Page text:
We have no dreams
Project info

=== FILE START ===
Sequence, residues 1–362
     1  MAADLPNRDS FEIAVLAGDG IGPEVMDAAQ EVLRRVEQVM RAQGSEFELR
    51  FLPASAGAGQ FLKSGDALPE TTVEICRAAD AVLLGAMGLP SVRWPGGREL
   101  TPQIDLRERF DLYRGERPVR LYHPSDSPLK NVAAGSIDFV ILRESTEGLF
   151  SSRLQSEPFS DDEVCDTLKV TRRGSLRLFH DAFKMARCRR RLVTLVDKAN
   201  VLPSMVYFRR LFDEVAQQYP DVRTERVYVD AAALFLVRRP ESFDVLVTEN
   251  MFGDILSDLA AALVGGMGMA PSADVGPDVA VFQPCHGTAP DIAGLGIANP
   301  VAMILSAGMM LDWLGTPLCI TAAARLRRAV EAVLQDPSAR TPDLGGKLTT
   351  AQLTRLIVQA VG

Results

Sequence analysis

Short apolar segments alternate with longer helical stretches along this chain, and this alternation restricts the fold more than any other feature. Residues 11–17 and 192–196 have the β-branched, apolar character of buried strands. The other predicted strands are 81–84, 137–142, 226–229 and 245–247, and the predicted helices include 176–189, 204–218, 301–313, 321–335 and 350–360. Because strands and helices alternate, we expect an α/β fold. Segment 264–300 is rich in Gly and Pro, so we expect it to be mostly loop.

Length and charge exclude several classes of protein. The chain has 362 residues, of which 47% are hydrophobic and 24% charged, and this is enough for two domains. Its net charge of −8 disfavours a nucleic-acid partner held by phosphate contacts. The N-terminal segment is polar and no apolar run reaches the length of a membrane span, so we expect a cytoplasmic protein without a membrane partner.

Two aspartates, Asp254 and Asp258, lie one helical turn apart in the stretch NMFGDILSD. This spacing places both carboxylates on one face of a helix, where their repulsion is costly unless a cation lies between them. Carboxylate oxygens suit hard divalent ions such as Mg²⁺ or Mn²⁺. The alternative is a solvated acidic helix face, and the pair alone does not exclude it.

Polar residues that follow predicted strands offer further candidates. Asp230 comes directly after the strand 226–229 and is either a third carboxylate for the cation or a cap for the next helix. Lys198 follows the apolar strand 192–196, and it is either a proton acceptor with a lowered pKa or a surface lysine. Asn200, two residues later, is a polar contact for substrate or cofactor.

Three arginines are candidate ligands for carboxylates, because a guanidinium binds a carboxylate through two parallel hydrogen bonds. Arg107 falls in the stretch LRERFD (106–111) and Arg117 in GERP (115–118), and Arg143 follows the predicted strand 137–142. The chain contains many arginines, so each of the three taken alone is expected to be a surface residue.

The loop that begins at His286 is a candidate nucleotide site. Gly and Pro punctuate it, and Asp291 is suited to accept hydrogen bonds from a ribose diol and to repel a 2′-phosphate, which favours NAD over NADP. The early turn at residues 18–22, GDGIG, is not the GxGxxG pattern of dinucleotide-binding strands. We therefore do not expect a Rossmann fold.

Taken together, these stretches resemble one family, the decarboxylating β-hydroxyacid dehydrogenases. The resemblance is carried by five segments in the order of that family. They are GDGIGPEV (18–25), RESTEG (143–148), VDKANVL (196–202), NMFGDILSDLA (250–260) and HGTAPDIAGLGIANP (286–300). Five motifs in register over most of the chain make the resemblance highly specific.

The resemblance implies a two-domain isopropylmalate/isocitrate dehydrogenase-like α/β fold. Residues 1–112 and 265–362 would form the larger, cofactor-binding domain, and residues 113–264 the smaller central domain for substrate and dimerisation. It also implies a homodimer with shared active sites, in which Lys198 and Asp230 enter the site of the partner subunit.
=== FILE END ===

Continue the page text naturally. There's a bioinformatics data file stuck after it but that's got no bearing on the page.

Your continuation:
At the edge of a very dusty and dirty make-shift soccer field on the eastern outskirts of Kathmandu a group of children have gathered to play football. A thick, pungent smoke floats over from the cremation grounds and mixes with the haze of dust and pollution that hangs ever present in the Kathmandu atmosphere. More alarmingly though, is the toxic and unmistakable stench of glue which the kids, locked in a revolving huddle, inhale constantly. The glue gives them relief from the pain of their daily struggles and takes away the pangs of hunger that plague them. When asked what they dream of the reply is always the same. 'We have no dreams'. The life of a child on the streets of Kathmandu is defined by suffering and violence. Highly vulnerable to exploitation and abuse, they have fallen through the fractured safety net of Nepalese society, which does little or nothing to protect or help them. They are widely misunderstood, much maligned and stigmatised by the vast majority of the population. They are taken advantage of by people in every direction they turn. Those in positions of authority, those posing as people wanting to help them and by the older, stronger, more street hardened of their peers on the street. They are totally at the mercy of those around them, particularly the younger ones. Weak, malnourished and prone to severe mental and physical health problems. Sexual and physical violence is endemic and it’s little wonder that the vast majority become addicted to glue or indeed harder drugs. After receiving no aid from the government and being routinely taken advantage of by those claiming to want to help them, it takes a great deal of work with outreach programmes to gain their trust. Many are caught in a cycle of drop in centres and then back to the streets. The answer I was told by a former street child is not just a rehabilitation programme, which is necessary, but also to be shown real love and support. 'Without love and support, you don't have anything'. *some names have been changed to protect identity.